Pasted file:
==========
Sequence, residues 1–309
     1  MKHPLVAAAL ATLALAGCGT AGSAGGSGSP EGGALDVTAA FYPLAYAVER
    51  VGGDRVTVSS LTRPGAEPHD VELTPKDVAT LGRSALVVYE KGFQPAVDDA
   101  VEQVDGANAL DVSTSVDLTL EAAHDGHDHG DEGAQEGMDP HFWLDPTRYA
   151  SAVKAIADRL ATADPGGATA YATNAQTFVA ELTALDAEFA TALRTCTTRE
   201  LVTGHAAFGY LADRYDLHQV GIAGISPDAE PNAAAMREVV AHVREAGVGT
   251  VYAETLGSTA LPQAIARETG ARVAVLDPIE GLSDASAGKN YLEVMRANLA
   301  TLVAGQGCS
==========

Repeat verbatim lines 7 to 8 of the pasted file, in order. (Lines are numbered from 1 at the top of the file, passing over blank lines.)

   251  VYAETLGSTA LPQAIARETG ARVAVLDPIE GLSDASAGKN YLEVMRANLA
   301  TLVAGQGCS